Via Ride-sharing Begins in DC; Competes with Lyft and Uber

Despite Uber and Lyft running the corporate carpooling market in Washington, another player has entered the game. Last week, ride-sharing company, Via, extended its service to D.C, specifically in Columbia Heights and the surrounding area. The company currently has service in areas of Chicago and New York.

But the app may actually turn some heads. The startup has raised over $100 million in funding rounds this year thanks to investment firms in Israel and England. In D.C., Via trips only costs $2.15 and are tax free ($1 more per passenger), which is on average cheaper than both UberPool and Lyft Carpool services. The main difference? Via tells riders and drivers to meet at nearby intersections to speed up pickup and drop-off time. Suggested routes are also given, making this carpool service more like a close-quarters bus ride in your neighborhood than a cab.

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Competing with UberPool and Lyft Carpool is no easy task, however. While prices are lower, minimal locations are offered (Clevleland Park/Mt. Pleasant/Columbia Heights/National Mall and NoMa) and there are very specific hours of service–7-10 a.m. and 4-9 p.m. on weekdays. In addition, this discount pricing is temporary for consumers who use the service more than five times. Rides will go up $1 without purchasing rides with app-stored credit.

Meanwhile, service in NYC is more expensive but also offers trips to the airport. And with Uber and Lyft taking in a lot more cash from longer rides around the city (including to and from National Airport), it’s clear Via is aiming for cracks, targeting commuters traveling shorter distances in concentrated areas.

But will it take off and attract drivers, let alone customers?

Drivers are required to own vehicles made in 2010 or later with specific colors or interior features such as leather seats. Rates are guaranteed to be hourly and not by the ride, and Via claims to offer competitive rates and good relationships with its drivers (telephone agents instead of email). Of course, the question is, who cares if commuters can just hop on the bus or take an UberPool from their doorstep?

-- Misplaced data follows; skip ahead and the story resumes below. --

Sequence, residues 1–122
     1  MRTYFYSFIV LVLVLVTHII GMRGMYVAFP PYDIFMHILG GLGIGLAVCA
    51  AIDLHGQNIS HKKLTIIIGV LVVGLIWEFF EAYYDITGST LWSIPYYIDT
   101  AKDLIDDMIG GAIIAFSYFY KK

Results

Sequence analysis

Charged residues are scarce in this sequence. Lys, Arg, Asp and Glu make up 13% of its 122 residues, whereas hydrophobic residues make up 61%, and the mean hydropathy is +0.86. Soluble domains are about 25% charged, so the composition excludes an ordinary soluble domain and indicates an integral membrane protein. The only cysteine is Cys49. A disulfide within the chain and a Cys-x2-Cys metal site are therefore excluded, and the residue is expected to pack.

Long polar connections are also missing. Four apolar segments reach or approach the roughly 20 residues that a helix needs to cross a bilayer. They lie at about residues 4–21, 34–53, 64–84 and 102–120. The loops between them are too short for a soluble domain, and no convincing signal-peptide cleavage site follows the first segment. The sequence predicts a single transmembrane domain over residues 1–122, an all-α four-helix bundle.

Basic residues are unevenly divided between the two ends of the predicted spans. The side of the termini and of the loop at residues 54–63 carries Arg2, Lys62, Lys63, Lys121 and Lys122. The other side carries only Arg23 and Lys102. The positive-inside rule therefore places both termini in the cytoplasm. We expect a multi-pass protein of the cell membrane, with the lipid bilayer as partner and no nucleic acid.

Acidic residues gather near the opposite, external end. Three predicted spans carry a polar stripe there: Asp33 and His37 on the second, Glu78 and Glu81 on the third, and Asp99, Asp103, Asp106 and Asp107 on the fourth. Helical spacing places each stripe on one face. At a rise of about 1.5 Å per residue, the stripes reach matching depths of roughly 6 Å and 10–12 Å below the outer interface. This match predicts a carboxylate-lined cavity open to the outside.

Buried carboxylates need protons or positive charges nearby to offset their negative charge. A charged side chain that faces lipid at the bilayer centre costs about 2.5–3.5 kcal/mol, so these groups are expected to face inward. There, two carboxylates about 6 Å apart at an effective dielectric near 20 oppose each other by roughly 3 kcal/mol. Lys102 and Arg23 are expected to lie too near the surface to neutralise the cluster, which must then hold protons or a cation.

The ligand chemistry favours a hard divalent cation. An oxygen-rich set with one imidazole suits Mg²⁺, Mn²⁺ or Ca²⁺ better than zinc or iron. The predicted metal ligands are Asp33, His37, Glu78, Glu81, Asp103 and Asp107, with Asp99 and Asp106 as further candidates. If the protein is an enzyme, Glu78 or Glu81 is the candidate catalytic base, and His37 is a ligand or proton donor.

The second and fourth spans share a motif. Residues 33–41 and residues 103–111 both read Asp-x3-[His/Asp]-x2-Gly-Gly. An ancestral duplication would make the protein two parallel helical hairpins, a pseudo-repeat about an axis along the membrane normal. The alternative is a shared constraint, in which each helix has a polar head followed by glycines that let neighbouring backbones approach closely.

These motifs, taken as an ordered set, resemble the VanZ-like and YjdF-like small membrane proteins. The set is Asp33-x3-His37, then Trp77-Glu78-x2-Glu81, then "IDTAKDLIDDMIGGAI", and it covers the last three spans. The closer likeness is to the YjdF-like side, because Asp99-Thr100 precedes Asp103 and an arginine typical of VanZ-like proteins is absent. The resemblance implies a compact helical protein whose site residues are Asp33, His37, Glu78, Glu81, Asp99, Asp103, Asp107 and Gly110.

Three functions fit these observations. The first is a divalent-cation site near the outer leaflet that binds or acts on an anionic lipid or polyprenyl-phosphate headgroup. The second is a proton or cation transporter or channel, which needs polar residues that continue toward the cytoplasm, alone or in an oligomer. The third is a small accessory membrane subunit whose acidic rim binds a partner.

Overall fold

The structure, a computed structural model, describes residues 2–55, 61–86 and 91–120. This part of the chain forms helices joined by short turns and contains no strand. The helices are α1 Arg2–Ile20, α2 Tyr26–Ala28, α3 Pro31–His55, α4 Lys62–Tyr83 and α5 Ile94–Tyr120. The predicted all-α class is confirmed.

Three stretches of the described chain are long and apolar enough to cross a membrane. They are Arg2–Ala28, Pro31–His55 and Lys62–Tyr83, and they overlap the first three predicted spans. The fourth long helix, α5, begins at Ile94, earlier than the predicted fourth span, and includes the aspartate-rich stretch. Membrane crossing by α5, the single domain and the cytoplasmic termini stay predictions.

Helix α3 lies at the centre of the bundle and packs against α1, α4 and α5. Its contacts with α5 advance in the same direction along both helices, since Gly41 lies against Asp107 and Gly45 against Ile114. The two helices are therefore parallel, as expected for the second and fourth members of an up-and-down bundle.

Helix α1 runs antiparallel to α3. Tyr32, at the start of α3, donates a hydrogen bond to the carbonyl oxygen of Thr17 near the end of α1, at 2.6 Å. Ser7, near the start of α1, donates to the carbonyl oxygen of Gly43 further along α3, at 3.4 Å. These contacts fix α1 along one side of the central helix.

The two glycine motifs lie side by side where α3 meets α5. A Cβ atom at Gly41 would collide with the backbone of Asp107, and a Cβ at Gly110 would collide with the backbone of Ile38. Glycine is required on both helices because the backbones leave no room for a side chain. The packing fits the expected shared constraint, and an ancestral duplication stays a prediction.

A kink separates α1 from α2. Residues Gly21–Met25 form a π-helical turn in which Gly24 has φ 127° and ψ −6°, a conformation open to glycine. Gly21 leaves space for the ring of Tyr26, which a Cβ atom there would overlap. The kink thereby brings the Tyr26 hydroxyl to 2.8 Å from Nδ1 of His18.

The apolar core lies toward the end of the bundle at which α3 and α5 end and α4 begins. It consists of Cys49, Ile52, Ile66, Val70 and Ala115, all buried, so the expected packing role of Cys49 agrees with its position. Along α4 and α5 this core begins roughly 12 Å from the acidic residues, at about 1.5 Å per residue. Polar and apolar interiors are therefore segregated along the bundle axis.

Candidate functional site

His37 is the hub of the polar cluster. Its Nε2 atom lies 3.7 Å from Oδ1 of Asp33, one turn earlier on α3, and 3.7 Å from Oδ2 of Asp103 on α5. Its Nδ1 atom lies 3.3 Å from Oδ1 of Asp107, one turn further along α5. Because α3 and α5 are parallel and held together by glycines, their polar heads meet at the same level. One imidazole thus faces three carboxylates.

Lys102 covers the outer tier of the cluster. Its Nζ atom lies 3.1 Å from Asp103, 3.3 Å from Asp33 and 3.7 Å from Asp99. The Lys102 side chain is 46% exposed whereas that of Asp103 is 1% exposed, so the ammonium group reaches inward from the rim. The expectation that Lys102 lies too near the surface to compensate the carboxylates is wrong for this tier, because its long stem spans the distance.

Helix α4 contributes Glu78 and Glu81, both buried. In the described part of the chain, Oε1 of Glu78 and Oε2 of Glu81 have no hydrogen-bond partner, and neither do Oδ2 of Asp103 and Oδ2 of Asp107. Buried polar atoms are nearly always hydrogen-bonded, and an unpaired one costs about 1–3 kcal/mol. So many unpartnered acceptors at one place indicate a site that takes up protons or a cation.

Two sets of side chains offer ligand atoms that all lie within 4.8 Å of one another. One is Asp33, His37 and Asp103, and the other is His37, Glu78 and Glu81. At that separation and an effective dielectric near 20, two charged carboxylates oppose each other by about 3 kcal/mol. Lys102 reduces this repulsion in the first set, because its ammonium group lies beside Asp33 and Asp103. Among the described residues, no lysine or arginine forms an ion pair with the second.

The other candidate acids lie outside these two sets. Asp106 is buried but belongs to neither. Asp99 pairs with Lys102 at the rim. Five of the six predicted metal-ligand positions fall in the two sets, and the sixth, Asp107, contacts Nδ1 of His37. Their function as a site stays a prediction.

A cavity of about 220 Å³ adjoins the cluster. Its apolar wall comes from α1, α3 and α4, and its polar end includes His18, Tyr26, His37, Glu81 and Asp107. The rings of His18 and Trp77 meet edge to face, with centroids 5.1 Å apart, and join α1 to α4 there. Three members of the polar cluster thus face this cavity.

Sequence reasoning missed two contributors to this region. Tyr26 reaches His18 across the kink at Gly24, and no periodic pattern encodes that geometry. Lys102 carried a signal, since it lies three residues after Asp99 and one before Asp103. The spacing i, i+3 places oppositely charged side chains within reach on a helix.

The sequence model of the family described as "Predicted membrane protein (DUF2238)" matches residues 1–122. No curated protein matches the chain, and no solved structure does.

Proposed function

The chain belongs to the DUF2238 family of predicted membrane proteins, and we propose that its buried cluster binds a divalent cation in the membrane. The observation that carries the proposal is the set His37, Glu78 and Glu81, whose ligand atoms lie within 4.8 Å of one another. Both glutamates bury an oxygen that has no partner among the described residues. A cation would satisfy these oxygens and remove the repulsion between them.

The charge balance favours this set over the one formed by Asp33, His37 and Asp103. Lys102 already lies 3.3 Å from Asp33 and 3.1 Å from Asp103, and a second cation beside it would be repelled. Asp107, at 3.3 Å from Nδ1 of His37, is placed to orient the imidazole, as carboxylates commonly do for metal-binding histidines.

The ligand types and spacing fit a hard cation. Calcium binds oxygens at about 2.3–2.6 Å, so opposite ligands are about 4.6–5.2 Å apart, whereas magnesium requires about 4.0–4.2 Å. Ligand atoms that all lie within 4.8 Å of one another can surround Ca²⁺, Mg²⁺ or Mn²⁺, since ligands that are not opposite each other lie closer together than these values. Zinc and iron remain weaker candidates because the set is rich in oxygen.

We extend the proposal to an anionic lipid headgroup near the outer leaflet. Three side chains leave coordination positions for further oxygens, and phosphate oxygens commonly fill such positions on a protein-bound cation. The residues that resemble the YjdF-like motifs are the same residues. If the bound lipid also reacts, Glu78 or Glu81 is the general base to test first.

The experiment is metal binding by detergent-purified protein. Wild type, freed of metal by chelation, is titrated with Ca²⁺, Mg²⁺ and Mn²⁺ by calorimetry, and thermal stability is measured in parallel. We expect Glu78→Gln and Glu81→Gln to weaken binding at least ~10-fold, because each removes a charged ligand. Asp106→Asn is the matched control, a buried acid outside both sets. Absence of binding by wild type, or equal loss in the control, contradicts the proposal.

For more information, check out their press release below. Thoughts of your own on Via? Let us know in the comments.

Earlier this week, Via, the on-demand ridesharing service, expanded its D.C. service area. The expansion, which will add Columbia Heights to Via’s growing ride zone, was determined by Via’s riders who requested that this be the first neighborhood they expand to.

Via’s focus on expanding its services into high density commuter areas is driven by its rider’s preferences and destinations. By determining expansion zones based on actual rider input, Via is not only geographically expanding its potential ridership, but making its current riders commute even better.

Already highly popular in New York and Chicago, Via enables passengers to seamlessly share their ride with others headed the same way. The service is the only mass transit system that utilizes fully-dynamic routing, allowing commuters to share rides for a low, flat fare. It is a convenient and comfortable alternative for city travel, complementing public busses and trains.

Please let me know if you would like to speak to a Via executive about how this service expansion will impact their current services and I would be happy to set up a call.

The new service map is included below.

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Via: NYT
Source: Via

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  • jack

    Seems cool, but perhaps Metro already has this covered with the bus? Less stops, I suppose.